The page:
CHAPTER VI. THEOLOGICAL CONTROVERSIES AND STUDIES
Schwane, Dogmengeschichte der neuren zeit, 1890. Turmel,
Histoire de la theologie positive du concile de Trente au concile
du Vatican, 1906. Denzinger-Bannwart, Enchiridion Symbolorum,
11th edition, 1911. Duchesne, Histoire du Baianisme, 1731.
Linsenmann, Michael Baius, 1863.
The Catholic doctrine on Grace, round which such fierce controversies had been waged in the fifth and sixth centuries, loomed again into special prominence during the days of the Reformation. The views of Luther and Calvin on Grace and Justification were in a sense the very foundation of their systems, and hence it was of vital importance that these questions should be submitted to a searching examination, and that the doctrine of the Catholic Church should be formulated in such a way as to make cavilling and misunderstanding impossible. This work was done with admirable lucidity and directness in the fifth and sixth sessions of the Council of Trent, but nevertheless these decrees of the Council did not prevent the theories of Luther and Calvin being propagated vigorously, and from exercising a certain amount of influence even on some Catholic theologians who had no sympathy with the religious revolt.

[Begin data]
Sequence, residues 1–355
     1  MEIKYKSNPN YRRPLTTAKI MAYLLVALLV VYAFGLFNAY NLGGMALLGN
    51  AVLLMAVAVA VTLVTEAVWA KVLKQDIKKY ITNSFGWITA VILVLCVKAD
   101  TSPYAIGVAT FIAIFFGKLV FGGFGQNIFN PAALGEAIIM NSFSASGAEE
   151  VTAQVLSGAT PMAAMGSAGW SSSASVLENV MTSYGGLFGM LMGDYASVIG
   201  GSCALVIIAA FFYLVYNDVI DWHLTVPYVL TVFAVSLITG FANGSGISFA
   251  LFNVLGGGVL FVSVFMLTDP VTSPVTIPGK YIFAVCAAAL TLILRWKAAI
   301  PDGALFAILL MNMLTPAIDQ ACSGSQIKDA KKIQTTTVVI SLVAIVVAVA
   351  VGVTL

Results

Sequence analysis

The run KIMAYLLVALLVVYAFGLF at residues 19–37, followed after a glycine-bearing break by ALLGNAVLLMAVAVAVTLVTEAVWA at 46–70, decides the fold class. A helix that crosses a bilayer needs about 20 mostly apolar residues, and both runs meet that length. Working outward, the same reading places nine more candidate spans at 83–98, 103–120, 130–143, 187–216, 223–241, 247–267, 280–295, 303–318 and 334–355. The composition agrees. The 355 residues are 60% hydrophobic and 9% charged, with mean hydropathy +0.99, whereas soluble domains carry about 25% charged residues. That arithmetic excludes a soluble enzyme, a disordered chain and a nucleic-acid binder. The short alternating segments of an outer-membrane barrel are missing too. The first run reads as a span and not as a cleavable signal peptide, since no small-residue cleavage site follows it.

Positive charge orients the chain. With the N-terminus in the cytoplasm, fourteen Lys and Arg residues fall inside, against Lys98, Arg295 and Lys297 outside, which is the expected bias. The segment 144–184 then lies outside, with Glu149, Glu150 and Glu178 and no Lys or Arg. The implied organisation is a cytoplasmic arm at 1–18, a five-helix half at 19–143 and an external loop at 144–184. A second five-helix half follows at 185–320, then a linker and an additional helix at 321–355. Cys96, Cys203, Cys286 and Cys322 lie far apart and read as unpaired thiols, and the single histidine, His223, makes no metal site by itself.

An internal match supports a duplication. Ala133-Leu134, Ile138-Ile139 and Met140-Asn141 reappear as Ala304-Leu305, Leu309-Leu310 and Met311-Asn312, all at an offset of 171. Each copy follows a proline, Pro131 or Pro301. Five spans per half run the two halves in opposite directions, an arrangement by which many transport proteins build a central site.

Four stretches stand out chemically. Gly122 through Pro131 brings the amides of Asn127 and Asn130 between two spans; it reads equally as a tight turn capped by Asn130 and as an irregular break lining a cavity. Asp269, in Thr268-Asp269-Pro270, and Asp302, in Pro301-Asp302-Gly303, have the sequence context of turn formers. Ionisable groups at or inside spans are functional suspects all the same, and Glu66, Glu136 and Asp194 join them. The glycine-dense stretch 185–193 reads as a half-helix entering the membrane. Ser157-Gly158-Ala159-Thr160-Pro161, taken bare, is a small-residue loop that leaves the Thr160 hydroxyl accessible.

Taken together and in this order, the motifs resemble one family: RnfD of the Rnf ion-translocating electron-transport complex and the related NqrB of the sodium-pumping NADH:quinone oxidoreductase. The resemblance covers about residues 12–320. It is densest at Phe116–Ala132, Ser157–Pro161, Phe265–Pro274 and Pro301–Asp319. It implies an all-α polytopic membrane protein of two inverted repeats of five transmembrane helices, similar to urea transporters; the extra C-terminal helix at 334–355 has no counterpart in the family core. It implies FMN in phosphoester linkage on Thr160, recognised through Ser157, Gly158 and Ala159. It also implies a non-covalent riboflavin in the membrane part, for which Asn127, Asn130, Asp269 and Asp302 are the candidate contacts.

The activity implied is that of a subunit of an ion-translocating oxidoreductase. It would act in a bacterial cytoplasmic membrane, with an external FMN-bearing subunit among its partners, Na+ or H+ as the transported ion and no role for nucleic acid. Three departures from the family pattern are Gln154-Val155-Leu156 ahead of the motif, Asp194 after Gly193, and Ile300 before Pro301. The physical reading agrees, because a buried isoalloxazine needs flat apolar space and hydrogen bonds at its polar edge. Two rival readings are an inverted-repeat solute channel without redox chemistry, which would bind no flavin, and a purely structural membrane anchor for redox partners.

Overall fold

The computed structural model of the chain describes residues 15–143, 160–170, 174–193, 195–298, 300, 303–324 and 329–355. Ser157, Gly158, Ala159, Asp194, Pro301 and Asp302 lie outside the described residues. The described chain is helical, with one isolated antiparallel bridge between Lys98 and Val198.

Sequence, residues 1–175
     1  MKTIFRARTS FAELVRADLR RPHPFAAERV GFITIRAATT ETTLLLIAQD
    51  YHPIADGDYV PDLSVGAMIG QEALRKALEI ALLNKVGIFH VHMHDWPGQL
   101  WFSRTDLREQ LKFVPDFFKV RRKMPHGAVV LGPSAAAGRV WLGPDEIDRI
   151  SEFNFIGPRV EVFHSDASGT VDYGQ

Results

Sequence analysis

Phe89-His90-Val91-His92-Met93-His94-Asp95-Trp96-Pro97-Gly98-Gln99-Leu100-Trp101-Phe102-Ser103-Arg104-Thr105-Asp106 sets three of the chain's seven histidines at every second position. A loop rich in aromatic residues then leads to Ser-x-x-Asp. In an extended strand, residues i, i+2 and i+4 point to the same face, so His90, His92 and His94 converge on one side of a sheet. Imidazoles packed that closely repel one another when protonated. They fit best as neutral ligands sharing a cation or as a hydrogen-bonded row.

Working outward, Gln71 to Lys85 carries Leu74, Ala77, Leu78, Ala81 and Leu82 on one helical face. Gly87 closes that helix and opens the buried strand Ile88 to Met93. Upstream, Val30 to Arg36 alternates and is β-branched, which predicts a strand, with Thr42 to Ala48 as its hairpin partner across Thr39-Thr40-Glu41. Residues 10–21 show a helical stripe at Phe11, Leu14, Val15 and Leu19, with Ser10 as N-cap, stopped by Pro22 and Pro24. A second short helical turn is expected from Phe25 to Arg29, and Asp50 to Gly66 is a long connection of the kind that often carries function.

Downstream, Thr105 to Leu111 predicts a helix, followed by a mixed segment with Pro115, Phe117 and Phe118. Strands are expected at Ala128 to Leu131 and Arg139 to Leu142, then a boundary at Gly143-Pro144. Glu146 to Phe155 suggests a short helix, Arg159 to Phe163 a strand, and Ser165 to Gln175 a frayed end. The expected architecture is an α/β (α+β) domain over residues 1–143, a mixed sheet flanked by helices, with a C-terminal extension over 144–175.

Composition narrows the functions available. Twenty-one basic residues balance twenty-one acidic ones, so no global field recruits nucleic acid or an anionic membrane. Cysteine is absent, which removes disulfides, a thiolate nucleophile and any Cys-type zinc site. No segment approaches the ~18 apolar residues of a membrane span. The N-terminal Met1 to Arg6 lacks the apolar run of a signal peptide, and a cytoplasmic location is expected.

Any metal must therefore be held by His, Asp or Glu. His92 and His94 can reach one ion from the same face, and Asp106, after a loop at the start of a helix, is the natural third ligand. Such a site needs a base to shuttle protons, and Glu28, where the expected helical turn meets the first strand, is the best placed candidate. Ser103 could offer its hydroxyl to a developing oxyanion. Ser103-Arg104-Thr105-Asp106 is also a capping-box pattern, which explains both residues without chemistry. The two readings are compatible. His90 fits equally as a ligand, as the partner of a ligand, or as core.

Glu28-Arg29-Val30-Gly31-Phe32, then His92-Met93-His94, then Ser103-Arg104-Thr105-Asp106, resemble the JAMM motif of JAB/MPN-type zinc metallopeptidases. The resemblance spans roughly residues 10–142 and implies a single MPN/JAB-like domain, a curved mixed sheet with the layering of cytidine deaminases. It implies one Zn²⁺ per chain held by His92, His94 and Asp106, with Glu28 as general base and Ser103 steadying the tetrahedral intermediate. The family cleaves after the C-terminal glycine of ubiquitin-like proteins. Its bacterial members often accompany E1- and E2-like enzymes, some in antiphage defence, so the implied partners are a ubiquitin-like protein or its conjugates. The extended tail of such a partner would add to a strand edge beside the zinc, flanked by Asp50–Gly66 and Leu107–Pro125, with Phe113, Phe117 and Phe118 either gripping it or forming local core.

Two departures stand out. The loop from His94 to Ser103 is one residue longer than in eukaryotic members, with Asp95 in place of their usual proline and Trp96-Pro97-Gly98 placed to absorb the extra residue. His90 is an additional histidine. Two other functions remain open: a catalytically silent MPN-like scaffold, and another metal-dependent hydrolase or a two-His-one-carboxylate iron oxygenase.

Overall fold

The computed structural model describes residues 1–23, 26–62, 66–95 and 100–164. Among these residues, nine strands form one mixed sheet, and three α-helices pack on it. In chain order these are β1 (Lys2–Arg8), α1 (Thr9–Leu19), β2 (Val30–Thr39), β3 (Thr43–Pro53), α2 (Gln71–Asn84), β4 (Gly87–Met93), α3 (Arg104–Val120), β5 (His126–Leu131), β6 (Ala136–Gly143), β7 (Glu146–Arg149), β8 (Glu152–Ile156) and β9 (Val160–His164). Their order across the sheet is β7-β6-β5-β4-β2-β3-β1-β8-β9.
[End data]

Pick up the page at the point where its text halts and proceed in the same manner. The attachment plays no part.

Amongst these might be reckoned Michael Baius (De Bay, 1513-89) a professor at the University of Louvain and John Hessels, one of his supporters in the theological controversies of the day. They believed that Catholic apologists were handicapped seriously by their slavish regard for the authority and methods of the Scholastics, and that if instead of appealing to the writings of St. Thomas as the ultimate criterion of truth they were to insist more on the authority of the Bible and of the works of the Early Fathers, such as St. Cyprian, St. Jerome, and St. Augustine, they would find themselves on much safer ground, and their arguments would be more likely to command the respect of their opponents. Hence at Louvain, in their own lectures, in their pamphlets, and in private discussions, they insisted strongly that Scholasticism should make way for positive theology, and that the Scriptures and patristic literature should take the place of the Summa. Not content, however, with a mere change of method they began to show their contempt for traditional opinions, and in a short time alarming rumours were in circulation both inside and outside the university that their teaching on Original Sin, Grace, and Free-will, was not in harmony with the doctrine of the Church. The Franciscans submitted to the judgment of the Sorbonne a number of propositions (18) selected from the writings or lectures of Baius and his friends, and the opinion of the Sorbonne was distinctly unfavourable. As the dispute grew more heated and threatened to have serious consequences for the university and the country, Cardinal Granvelle, believing that the absence of the two professors might lead to peace, induced both to proceed to the Council of Trent as the theologians of the King of Spain (1563). Though the opinions of Baius found little sympathy with the Fathers of Trent, yet since the subjects of Original Sin and Grace had been discussed and defined already, nothing was done. On his return (1564) from the Council of Trent Baius published several pamphlets in explanation and defence of his views, all of which were attacked by his opponents, so that in a short time the university was split into two opposing camps.